The disputed islands, the containment-of-China accusations, even the bitter “history issue” involving recollection of imperial Japan’s militarism all have toxic roots in the early years of the Cold War. Together with other present-day controversies, they trace back to the San Francisco System under which Japan re-entered the post-war world as a sovereign nation after being occupied by U.S. forces for over six years, from August 1945 to the end of April 1952.

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The tensions of September escalated in the weeks and months that followed, and the alarm this generated was occasionally apocalyptic. Pundits spoke of “flash points” -- in this case, the Senkaku/Diaoyu confrontation -- that could lead to an “accidental war” in which U.S. forces supported Japan against China. This, it was observed, would be consistent with America’s obligations under the bilateral security treaty with Japan that lies at the heart of the San Francisco System.

That this worst-case scenario could be taken seriously in 2012 is both surprising and unsurprising. It is surprising because this was taking place forty years after both Japan and the United States belatedly normalized relations with the People’s Republic of China (PRC), dramatically abandoning the “containment” policy that had defined Cold War China policy prior to 1972. Over the course of those four decades, the economies of the three countries had become interdependent, seemingly creating a foundation for durable peace.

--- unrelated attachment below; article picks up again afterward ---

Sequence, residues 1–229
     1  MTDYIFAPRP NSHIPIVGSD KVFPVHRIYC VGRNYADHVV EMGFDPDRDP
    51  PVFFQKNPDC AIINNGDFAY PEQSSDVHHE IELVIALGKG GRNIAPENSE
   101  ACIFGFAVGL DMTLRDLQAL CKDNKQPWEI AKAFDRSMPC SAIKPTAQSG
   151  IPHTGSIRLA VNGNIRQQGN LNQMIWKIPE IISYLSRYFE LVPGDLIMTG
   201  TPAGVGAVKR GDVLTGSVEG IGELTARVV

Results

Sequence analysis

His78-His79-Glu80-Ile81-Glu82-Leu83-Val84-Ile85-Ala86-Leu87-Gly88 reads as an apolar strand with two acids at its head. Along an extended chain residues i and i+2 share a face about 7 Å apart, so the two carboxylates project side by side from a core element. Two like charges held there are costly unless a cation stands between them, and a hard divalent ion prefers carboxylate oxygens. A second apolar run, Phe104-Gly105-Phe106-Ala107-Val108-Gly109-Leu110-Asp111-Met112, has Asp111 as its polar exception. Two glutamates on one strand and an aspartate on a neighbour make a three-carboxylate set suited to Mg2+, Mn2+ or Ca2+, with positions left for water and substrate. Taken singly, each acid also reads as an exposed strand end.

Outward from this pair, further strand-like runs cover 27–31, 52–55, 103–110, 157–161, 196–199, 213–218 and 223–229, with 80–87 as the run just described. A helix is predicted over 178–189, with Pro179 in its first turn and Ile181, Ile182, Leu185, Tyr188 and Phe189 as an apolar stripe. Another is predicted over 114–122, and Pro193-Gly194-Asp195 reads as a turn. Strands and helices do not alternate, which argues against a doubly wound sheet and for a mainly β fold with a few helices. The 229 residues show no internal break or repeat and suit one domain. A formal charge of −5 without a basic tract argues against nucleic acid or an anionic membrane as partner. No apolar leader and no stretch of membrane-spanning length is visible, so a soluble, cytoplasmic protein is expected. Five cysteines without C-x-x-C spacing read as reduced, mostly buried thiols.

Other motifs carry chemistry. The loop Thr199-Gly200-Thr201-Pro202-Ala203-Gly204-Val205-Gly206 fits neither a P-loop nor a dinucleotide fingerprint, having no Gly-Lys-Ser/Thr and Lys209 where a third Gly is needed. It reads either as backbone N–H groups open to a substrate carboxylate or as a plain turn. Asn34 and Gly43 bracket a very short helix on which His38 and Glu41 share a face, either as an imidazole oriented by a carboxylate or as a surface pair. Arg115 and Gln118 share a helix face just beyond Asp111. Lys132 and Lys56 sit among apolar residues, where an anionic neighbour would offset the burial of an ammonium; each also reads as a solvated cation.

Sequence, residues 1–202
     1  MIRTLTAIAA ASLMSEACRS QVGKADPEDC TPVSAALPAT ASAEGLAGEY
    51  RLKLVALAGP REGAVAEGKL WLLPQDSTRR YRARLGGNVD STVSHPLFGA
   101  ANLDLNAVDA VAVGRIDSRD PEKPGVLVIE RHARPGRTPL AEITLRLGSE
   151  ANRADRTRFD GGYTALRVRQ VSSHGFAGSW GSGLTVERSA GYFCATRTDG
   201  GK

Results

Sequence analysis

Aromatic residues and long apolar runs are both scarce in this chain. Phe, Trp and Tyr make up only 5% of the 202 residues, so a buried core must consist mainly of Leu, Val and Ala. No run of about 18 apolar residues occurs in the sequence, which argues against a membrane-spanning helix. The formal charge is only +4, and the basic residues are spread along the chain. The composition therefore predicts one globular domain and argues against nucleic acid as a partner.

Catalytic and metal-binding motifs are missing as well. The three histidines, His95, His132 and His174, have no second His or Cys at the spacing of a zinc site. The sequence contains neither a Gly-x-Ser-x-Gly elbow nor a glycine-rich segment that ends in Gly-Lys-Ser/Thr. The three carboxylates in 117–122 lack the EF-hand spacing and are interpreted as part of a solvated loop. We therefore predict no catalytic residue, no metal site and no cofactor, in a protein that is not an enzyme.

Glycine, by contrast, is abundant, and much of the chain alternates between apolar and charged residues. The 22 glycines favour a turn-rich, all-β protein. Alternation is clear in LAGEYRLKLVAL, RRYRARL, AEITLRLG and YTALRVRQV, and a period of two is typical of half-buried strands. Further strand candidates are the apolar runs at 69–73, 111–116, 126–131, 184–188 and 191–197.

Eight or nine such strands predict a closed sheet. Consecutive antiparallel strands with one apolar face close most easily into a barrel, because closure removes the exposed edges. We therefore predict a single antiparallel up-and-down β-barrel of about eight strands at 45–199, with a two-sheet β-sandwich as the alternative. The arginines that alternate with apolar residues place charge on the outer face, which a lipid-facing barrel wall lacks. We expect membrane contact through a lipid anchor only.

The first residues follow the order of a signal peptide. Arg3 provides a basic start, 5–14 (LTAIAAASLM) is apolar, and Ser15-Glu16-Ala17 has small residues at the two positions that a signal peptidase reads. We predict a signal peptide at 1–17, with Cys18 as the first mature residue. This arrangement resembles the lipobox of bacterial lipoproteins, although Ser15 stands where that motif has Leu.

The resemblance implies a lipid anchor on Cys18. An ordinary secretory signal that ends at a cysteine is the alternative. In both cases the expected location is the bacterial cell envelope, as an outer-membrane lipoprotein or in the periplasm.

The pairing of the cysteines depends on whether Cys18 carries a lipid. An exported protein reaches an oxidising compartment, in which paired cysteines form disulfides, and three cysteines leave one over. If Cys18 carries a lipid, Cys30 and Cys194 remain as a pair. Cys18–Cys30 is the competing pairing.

What makes the crisis of 2012 unsurprising, on the other hand, is the fact that China’s emergence as a major economic power has been followed by intense nationalistic pride coupled with resolute commitment to military modernization. This may have been predictable, but it nonetheless came as a shock to those who took the overwhelming military supremacy of the Pax Americana for granted.

The San Francisco System and this militarized Pax Americana go hand in hand. They have defined the strategic status quo in the Asia-Pacific area since the early 1950s. They have shaped (and distorted) the nature of the post-war Japanese state in ways beyond measure. They have involved both peace-keeping and war-making.

The San Francisco System takes its name from two treaties signed in San Francisco on September 8, 1951, under which the terms for restoring independence to Japan were established. One was the multinational Treaty of Peace with Japan that forty-eight “allied” nations signed with their former World War II enemy. The second was the bilateral U.S.-Japan Security Treaty, under which Japan granted the United States the right to “maintain armed forces … in and about Japan,” and the United States supported and encouraged Japanese rearmament.